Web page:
By-elections to fill vacant seats in Britain are often a relatively innocuous way of punishing the government, of hitting it on the head without knocking it out. Sometimes they are a serious warning of their unpopularity, which is later confirmed in general ones. But on other occasions the voters let off steam, and when the time comes their anger has passed and they return to support them.
Still, John Major was the last Prime Minister, back in the 1990s, to lose two of these elections on the same day, and Boris Johnson - who is trying to get back on his feet after being stumbled from the no-confidence motion put forward by his own parliamentary group – did not want to suffer the same fate in the elections held yesterday in Wakefield (Yorkshire) and Tiverton and Honiton (Devon County). But it did: the Conservatives lost both seats to Labor and the Liberal Democrats respectively.
The result is to be fairly representative of popular sentiment towards Johnson after partygate. The first town is part of the so-called red wall, the old Labor strongholds of the English north that lent their vote in 2019 to Johnson to make Brexit a reality, reduce immigration and combat the inequality of wealth and infrastructure between the northern regions. and southern. While the second is on the blue wall, a lifelong Tory who is suspicious of the economic policies and social aid of Downing Street.
As expected, the Labor candidate Simon Lightwood easily recovered Wakefield (with 47.9% of the vote against 30% for the Conservatives). And the Liberal Democrat candidate Richard Foord gave a historic surprise in Tiverton, where two years ago and a half Johnson won by a landslide but lost yesterday with 38.5% of the voters to the winner's 52.9% It seems that the tactical vote has worked: the usual Labor supporters have strategically supported the libdems if only to punish the Conservatives and lose them a seat they consider to be theirs in their own right.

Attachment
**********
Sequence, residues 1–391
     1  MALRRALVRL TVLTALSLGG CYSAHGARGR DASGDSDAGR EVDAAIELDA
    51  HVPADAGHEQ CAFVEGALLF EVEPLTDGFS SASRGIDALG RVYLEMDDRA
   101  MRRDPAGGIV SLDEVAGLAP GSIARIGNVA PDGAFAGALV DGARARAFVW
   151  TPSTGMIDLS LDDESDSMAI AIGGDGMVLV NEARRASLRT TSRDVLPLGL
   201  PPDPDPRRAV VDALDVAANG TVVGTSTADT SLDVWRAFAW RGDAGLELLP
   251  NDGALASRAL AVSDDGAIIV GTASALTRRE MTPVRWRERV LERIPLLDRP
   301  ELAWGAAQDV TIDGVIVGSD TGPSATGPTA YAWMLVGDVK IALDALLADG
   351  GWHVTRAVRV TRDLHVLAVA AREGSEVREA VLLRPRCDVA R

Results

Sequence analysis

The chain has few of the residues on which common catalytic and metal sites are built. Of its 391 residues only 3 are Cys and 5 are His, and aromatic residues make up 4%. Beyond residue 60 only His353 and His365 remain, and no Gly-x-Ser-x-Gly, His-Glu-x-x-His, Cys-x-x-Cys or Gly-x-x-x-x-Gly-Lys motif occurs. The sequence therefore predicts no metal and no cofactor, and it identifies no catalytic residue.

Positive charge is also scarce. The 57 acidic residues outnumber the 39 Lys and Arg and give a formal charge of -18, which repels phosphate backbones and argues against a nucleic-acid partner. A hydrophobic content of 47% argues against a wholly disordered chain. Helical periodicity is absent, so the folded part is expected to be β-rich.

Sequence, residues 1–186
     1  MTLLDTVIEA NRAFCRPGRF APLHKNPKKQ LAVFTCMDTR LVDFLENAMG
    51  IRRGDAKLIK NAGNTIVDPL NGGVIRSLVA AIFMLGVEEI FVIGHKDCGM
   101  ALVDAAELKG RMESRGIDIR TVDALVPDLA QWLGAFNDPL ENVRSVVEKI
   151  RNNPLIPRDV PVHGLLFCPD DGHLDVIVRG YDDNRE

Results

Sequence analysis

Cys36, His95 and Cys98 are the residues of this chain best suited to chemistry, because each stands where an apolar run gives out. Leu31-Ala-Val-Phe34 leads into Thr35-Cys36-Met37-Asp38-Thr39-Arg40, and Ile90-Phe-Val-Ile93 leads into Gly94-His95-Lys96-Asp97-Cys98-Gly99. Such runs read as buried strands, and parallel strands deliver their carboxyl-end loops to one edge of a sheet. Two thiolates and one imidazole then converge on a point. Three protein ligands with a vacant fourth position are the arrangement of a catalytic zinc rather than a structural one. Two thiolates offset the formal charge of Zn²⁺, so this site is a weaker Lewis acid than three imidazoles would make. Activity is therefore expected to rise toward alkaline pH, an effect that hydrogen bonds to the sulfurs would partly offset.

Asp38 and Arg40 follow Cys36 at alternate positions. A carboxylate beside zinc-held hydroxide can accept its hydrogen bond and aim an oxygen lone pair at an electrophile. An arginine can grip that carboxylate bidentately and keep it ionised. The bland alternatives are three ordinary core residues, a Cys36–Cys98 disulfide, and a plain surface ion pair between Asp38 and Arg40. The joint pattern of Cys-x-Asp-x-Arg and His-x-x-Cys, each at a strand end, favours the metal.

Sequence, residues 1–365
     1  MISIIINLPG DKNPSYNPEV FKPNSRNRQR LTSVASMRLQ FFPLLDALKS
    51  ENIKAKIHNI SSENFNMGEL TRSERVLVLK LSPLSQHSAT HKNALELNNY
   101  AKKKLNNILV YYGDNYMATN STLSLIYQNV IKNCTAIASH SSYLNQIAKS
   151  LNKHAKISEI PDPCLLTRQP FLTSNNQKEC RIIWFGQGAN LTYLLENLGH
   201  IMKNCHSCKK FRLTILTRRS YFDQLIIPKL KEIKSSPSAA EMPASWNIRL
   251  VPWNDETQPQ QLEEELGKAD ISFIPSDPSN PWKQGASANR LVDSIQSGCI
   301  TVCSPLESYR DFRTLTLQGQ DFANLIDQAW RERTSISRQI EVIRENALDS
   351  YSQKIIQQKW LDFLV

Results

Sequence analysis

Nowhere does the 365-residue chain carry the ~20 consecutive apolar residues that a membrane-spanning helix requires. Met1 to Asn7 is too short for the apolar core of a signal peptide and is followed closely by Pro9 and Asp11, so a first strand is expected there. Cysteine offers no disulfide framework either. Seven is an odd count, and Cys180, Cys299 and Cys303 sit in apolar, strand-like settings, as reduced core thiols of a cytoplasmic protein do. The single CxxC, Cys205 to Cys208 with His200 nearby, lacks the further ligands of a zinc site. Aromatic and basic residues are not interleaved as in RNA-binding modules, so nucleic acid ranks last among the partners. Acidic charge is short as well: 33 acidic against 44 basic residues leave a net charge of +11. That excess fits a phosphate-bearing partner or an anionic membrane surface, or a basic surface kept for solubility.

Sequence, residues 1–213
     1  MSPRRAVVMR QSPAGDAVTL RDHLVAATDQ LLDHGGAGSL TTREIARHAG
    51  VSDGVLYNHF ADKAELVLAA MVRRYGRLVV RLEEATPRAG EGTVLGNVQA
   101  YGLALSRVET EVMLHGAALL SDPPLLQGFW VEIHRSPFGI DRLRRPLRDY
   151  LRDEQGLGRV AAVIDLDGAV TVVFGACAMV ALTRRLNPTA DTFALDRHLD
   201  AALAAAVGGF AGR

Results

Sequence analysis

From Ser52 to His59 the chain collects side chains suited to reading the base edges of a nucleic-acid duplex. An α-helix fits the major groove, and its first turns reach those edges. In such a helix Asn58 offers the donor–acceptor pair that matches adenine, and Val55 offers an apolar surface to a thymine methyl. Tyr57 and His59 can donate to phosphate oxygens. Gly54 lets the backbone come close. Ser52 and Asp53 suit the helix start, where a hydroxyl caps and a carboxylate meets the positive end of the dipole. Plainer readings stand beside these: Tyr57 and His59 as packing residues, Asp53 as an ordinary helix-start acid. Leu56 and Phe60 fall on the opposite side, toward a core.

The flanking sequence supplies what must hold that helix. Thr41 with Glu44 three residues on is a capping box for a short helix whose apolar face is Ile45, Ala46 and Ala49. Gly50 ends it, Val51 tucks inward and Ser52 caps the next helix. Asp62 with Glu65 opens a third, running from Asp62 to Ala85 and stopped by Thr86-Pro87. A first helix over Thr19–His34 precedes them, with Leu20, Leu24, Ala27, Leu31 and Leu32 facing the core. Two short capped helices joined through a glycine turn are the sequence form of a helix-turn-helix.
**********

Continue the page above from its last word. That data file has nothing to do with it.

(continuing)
The premier's future is now even more in question, although he refuses to abandon ship. That the Prime Minister has been defeated in two such different constituencies, one traditionally working class and the other Tory to the core, many MPs may interpret that his magic has completely worn off, that he is not capable of winning the 2024 election and that they would have better chances with another leader. His position is once again in danger, if not imminently, then in the medium term.
For Labour, the wide margin by which they have won at Wakefield (almost 18%) is important. Its leader, Keir Starmer, has numerous internal enemies due to his lack of charisma and allergy to speaking out on any controversial issue, which means that the main opposition party is not identified with any specific policy. The issue of Brexit says that it is "closed", and that if it came to power it would not consider re-entry into the European Union, and not even incorporation into the single market and recovery of freedom of movement. And about the strikes that this week have paralyzed the country, he does not condemn them so as not to offend the unions, but says that they are "a bad idea" to appear like a moderate centrist.